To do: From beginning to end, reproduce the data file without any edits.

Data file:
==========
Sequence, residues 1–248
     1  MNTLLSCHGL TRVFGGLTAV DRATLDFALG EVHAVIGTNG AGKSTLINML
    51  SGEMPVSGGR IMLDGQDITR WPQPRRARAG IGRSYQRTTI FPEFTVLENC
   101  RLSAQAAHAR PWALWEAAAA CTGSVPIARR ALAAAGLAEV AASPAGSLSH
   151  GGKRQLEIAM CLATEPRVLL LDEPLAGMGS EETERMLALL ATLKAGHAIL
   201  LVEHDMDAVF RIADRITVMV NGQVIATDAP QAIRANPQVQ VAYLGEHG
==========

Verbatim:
Sequence, residues 1–248
     1  MNTLLSCHGL TRVFGGLTAV DRATLDFALG EVHAVIGTNG AGKSTLINML
    51  SGEMPVSGGR IMLDGQDITR WPQPRRARAG IGRSYQRTTI FPEFTVLENC
   101  RLSAQAAHAR PWALWEAAAA CTGSVPIARR ALAAAGLAEV AASPAGSLSH
   151  GGKRQLEIAM CLATEPRVLL LDEPLAGMGS EETERMLALL ATLKAGHAIL
   201  LVEHDMDAVF RIADRITVMV NGQVIATDAP QAIRANPQVQ VAYLGEHG